A PSYOP Sergeant was quoted as saying: “The Taliban hate that music. Some locals complain but it's a way to force them to choose sides. It motivates the Marines as well.” Lieutenant Colonel Brian Christmas, the Commander of the US Marines in northern Marjah said he was unaware of the musical PSYOP. He thought it was inappropriate and vowed to put a stop to it.

The Taliban retaliate by handing out hand-written leaflets threatening to chop off residents' heads if they cooperate with foreign forces.

In 2010, the Associated Press reported that the Canadians were broadcasting from five small local radio stations in Kandahar Province called the Voice of Panjwaii. The station has been on air since June, broadcasting news, government announcements, weather and other programs throughout the district southwest of Kandahar city where Canadians have been concentrating their efforts in Afghanistan. About 80 per cent of Panjwaii residents have radios. Canadian soldiers have handed out an estimated 30,000 units over the past two year in the province. The article adds:

“Recently we started doing music requests” said Lt. Aaron Lesarge, “We do have a few people who call in every day to ask for the same songs. Local elders and mullahs come to the station to speak, as well as the district governor. There are quiz shows and the station has its own most-requested list of traditional Afghan songs, but by far the most popular program is the call-in show.”

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In 2011, more than 20 radio DJs in Paktika Province, and dozens more across the country, engaged in what the U.S. military considers a crucial operation, convincing residents in an area dominated by insurgents to embrace Afghan and NATO forces. They play hit Pashto ballads but never tell their listeners that they are broadcasting from studio on U.S. Army bases. Their job is to pause between Pakistani love songs and passages from the Koran to read about the heroism of Afghan and American forces, as well as the destruction wreaked by insurgents. In a region with one of the lowest literacy rates in the world, where the vast majority of families are unable to afford a television, 92 percent of Paktika residents listen to the radio every day.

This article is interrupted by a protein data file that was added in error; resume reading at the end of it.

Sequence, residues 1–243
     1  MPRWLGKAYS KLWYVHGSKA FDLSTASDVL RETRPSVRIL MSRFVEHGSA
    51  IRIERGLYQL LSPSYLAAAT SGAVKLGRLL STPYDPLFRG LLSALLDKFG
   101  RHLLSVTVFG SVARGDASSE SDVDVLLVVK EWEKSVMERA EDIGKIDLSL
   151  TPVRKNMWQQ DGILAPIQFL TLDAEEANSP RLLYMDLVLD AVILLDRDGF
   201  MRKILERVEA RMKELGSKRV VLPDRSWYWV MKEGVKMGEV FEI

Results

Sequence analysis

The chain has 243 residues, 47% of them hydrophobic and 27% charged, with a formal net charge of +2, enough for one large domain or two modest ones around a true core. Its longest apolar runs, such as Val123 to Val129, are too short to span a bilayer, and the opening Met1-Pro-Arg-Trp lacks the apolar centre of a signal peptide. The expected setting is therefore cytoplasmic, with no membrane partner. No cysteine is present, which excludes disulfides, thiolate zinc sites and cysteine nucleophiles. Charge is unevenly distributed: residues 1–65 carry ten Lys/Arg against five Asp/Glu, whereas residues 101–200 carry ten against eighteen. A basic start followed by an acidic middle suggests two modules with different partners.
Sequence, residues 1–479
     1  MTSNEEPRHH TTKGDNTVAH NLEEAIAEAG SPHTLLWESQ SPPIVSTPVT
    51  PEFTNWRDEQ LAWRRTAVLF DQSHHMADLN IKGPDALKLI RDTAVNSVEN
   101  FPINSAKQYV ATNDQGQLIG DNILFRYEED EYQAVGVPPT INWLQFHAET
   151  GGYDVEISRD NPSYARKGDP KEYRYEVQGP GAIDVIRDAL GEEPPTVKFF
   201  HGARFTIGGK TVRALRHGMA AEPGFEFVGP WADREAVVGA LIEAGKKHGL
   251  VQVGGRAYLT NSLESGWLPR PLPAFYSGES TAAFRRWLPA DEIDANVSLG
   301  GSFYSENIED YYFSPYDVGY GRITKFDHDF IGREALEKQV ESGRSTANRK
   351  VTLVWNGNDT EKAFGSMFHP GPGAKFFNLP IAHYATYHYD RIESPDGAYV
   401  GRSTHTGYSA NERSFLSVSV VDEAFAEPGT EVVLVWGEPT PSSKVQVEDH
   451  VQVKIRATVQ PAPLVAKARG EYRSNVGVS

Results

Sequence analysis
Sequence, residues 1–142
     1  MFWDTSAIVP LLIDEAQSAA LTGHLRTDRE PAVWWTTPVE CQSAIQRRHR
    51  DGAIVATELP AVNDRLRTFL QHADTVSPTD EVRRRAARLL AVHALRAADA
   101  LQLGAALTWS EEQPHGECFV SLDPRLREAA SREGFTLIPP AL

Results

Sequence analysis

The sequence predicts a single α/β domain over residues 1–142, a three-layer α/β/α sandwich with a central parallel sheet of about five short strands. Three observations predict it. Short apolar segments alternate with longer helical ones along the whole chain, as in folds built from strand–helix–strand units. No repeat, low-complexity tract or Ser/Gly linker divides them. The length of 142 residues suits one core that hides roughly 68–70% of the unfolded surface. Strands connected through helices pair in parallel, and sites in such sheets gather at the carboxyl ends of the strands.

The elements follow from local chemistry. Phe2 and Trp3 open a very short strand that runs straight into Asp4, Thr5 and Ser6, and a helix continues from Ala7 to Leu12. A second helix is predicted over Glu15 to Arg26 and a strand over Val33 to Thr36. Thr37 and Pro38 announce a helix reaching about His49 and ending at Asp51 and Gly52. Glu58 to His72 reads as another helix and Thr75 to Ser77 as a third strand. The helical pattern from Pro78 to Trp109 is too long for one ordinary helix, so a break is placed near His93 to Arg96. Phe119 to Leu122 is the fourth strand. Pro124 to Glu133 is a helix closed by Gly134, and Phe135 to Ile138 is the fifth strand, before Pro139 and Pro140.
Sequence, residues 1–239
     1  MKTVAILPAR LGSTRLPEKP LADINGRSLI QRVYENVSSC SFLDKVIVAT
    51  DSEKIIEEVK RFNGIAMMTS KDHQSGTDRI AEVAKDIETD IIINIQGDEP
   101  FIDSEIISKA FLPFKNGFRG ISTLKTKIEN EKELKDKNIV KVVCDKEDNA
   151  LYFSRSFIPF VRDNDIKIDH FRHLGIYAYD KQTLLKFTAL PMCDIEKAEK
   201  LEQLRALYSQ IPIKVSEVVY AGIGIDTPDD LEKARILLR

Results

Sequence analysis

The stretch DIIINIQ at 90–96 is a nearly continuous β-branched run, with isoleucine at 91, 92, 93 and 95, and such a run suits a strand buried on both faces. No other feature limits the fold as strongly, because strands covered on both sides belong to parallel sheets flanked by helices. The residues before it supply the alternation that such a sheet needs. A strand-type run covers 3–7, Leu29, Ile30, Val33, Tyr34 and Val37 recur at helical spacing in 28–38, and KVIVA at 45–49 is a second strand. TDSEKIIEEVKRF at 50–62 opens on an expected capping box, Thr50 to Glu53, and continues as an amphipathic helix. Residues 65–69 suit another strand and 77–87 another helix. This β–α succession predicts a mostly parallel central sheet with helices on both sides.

OPERATION IRAQI FREEDOM

The use of music as part of a PSYOP campaign was used again In Iraq. It is discussed by Peter J. Smyczek in “Regulating the battlefield of the future: the legal limitations on the conduct of psychological operations under public international law,” Air Force Law Review, winter 2005:

During the November 2004 battle of Fallujah, Marine Humvees with loudspeakers blasted the song “Back in Black,” by the heavy metal band AC/DC, during the fighting. There were also reports that the Americans “played the cavalry charge and loud sonar pings, along with the sounds of maniacal laughter and babies wailing.” Another tactic employed in the battle for Fallujah was disrupting the insurgent’s ability to rally their troops by playing high-pitched whines from loudspeakers whenever the insurgents issued their calls to arms over their own loudspeakers. These often ad hoc tactics are meant to frighten and disrupt the minds of the enemy and may be especially effective among certain cultures. For example, during interrogations of Iraqi fighters, American interrogators played the song "Enter Sandman" by the heavy metal group Metallica. The interrogators reported that this was an especially effective interrogation tool.